Why companies need composting to meet zero-waste goals
<p>Organic waste makes up approximately 30 percent of the annual U.S. waste, so cutting it is key to meeting waste-diversion or zero-landfill goals. Here's what you need to know to succeed.</p>
Your organization's best attempts to reduce the amount of food and organic waste it sends to landfill will fall short without proper employee training and highly visual educational signage, according to a panel of organics waste experts.
"This requires training and rethinking, starting in the back hallway," said Scott Maurer, executive sous chef for Peabody Hotels, which initiated its composting program last summer in part because more event planners were requesting it.
Since ramping up its program in January, Peabody Hotels has diverted more than 30 tons of food waste, largely through "pre-consumer" efforts to collect vegetable and food trimmings generated as food is prepared. The organization is now ramping up its "post-consumer" collection and separation initiatives that focus on food left on plates, buffets or banquet tables, Maurer said.
The need for education -- and for highly visual signage making it easy for patrons and employees to figure out how to sort organic waste from other trash or recyclables -- was a recurring theme during "Innovations in Organics Food Waste Recycling," a GreenBiz webcast sponsored by Waste Management this week.
Even though the infrastructure to support composting of food and other organic waste is still limited, the panelists said a growing number of food service and hospitality organizations are seeking more sustainable ways to handle this waste.
The reason is pretty obvious: Organic waste and food are a big part of the 250 million tons of waste generated annually in the United States -- approximately 30 percent, according to Waste Management data.
It's difficult for businesses to reach waste-diversion or zero-landfill goals without including composting as a component of their strategies, Tom Carpenter, director of sustainability services at Waste Management, said during the webcast. In fact, more than half of the businesses that have declared these goals have failed to meet them for that reason, he said.
"You cannot build in engineering controls, as you can with energy, to control behavior habits," Carpenter said.
The Peabody Hotels program, which began in its banquet kitchens, has been successful mainly due to the interest that employees have taken in driving it, Maurer said. The program is expanding this month to include all food, which will require particular attention from the stewards guiding banquet management. "It requires more planning and thought," he said.
The simplicity of composting programs is an important consideration, said Michael Oshman, CEO of the Green Restaurant Association. "If you require consumers to do a lot of sorting, it is much harder," Oshman said.
Pre-consumer and post-consumer organics management are part of the certification process that food service organizations must go through to earn the Green Restaurant designation. In certain cities, composting is a requirement: New York, Chicago, San Francisco, San Diego, Baltimore (metro), Seattle, Philadephia, St. Louis, Mo., Portland, Ore., Greater Boston, and the Washington, D.C., metro area.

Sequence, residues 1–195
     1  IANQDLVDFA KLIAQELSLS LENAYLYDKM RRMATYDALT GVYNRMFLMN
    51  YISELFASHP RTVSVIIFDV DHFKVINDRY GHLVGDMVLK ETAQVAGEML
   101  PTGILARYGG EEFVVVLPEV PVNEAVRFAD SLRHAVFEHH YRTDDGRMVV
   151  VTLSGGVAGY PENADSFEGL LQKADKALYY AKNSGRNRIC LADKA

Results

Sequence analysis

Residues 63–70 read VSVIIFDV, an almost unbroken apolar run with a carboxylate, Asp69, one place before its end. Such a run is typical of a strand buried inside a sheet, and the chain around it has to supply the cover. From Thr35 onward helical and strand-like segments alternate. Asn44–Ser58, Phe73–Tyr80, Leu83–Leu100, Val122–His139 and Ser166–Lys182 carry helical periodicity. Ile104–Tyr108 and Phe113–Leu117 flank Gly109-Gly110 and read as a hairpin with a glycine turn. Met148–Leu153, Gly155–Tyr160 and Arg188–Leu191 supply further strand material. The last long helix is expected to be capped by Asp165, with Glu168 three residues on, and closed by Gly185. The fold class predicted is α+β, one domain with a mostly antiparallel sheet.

Key factors for successful composting programs include signage with both words and obvious visuals, a packaging procurement strategy that matches composting and recycling goals, education, and a process that is simple, Oshman said.
Waste Management executives recommend several approaches for reducing organics sent to landfill, depending on local regulations:
- Source reduction, including portion control, which will cut back on the amount of food waste created in the first place (this will require an upfront assessment of your company's habits)
- Donations to food banks, soup kitchens and shelters
- Sending food scraps to farmers
- Collecting and providing fats for rendering or use in various alternative energy generation approaches
- Recycle scraps into nutrients that can be added back into the soil
Waste Management processes more than 2.5 million tons of organics into "beneficial uses" at 36 organics facilities in North America, Carpenter said. The organization is also working closely with companies offering new technologies for handling organics, including Harvest Power, which operates the largest food and yard waste recovery site in North America, and Terrabon, which develops waste-to-fuel technology.
Increased participation by food service organizations and other businesses will help inspire development of more processing infrastructure for composting and organics waste management, the panelists believe.
Food composting is now a core strategy for Restaurant Associates, which operates the dining halls at more than 100 prestigious museums and performing centers, Oshman said. (Restaurant Associates is a division of foodservice giant Compass Group.) In addition, a growing number of Aramark food service locations are also taking up the composting mantle.
"This is one of the largest areas of growth," Oshman said.
Food waste image via Shutterstock.